July 4, 2012

Why you can't "pass" or "fail" in the IELTS

Success in sight....
Photo credit: seeveeaar on Flickr.

There is no pass or fail in the IELTS. Well, not directly.

This could be counterintuitive for some of us, as we've been familiar with exams where a passing score is usually set. One familiar example would be our Philippine Nursing Licensure Exam where the law explicitly states that "(i)n order to pass the examination, an examinee must obtain a general average of at least seventy five percent (75%) with a rating of not below sixty percent (60%) in any subject." This is however not the case with regard to the IELTS exam.

So, why is it inaccurate to say that one has passed (or failed) the IELTS exam?

This is because the IELTS exam is governed by a scoring system that uses 1 to 9 for the areas of Listening, Reading, Writing, and Speaking. Thus, if candidates get a 7 in the exam, it does not necessarily mean that they have "passed." They are instead considered as "Good users" of English in IELTS terminology.

Now, where does the passing or failing aspect come in?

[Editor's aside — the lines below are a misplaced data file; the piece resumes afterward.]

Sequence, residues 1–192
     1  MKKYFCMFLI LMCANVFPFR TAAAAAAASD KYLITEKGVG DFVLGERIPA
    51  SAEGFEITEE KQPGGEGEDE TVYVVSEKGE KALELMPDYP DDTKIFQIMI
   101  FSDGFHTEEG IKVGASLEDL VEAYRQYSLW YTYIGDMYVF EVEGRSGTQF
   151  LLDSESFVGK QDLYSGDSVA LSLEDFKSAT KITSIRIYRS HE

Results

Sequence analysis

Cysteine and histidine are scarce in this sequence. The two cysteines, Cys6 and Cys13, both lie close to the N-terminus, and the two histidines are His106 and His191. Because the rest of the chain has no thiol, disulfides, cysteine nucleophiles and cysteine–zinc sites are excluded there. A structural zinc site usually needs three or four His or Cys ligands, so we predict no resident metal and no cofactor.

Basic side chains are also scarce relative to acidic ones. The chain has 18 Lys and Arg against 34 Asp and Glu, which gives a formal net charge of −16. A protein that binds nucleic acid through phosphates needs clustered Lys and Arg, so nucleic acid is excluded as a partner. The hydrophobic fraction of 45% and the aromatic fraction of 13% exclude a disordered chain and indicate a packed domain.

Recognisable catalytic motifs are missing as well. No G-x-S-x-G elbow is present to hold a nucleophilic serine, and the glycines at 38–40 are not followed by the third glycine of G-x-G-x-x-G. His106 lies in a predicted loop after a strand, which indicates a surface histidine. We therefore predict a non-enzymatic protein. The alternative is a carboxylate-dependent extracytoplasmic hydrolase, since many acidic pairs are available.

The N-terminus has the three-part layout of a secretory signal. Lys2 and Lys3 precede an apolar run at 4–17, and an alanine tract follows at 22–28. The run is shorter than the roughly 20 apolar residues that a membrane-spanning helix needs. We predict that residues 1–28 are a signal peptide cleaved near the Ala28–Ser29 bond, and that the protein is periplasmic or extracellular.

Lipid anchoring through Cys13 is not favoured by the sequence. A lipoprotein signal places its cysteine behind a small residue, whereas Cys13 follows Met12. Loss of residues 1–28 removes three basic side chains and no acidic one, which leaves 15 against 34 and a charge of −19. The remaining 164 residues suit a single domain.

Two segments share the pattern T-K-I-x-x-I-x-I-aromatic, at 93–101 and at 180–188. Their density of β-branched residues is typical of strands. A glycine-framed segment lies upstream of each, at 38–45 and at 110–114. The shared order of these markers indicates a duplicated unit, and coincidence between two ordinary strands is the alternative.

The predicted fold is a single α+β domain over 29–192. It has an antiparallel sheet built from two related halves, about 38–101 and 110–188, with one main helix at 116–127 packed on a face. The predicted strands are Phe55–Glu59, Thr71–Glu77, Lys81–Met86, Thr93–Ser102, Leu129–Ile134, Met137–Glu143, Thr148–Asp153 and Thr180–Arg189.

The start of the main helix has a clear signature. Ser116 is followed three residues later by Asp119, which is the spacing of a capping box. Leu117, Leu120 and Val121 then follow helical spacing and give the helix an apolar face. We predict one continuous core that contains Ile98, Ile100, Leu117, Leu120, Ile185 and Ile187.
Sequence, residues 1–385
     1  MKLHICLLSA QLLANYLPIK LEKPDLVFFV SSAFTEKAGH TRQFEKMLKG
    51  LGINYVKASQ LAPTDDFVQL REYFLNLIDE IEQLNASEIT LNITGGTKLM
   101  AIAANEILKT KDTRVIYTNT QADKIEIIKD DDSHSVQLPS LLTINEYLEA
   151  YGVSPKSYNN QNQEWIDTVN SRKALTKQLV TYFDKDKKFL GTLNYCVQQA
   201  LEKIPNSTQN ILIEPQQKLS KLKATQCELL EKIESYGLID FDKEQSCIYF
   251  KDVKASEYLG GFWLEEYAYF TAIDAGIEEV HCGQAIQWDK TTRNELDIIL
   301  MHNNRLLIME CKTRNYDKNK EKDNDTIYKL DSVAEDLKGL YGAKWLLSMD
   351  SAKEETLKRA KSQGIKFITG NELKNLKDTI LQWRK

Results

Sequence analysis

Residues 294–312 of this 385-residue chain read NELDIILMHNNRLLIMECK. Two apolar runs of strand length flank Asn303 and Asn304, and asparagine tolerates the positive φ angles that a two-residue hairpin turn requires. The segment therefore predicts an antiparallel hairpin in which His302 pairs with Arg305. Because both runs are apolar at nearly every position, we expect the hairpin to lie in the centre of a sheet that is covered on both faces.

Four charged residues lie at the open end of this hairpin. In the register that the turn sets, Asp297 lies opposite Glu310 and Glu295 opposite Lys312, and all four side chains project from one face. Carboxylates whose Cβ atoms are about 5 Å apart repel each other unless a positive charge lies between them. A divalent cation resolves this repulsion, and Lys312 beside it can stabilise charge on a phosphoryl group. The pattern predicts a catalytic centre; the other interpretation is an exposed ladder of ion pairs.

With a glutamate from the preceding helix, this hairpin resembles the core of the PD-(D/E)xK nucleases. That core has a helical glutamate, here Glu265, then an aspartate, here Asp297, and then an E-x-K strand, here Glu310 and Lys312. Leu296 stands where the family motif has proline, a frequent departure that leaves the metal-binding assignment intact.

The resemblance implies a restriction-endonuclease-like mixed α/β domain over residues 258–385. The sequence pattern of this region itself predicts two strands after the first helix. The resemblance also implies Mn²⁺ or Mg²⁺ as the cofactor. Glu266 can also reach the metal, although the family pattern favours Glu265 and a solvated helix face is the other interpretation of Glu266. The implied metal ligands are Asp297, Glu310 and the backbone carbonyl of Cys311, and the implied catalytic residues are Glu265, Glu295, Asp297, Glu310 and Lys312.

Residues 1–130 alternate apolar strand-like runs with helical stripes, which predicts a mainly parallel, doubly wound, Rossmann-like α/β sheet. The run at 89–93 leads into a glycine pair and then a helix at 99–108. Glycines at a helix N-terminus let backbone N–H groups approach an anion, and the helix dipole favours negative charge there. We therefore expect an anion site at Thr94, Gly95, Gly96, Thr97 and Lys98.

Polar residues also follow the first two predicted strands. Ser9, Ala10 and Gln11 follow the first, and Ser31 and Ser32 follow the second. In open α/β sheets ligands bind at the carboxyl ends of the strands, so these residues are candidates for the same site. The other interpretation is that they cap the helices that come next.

It comes into play when you submit a copy of your results to the university, organization, or entity that asks for them. For instance, if you plan to work as a nurse in New Zealand, then the Nursing Council of New Zealand would require you to have a band score of 7 in all areas of the IELTS Academic Module. If you obtain at least a score of 7, then you can say that you've met or "passed" one of its requirements. This is actually one reason why it is always advisable to research for IELTS band score requirements before taking the exam.

To summarize, in the IELTS you are graded using scores from 1 to 9 for each part of the test – Listening, Reading, Writing and Speaking. Always keep in mind that what constitutes a pass or fail would depend, not on your Test Result Form, but rather on the requesting organization's requirements.

Further reading:

IELTS | Test Takers - My test score

IELTS | Test Takers - Test results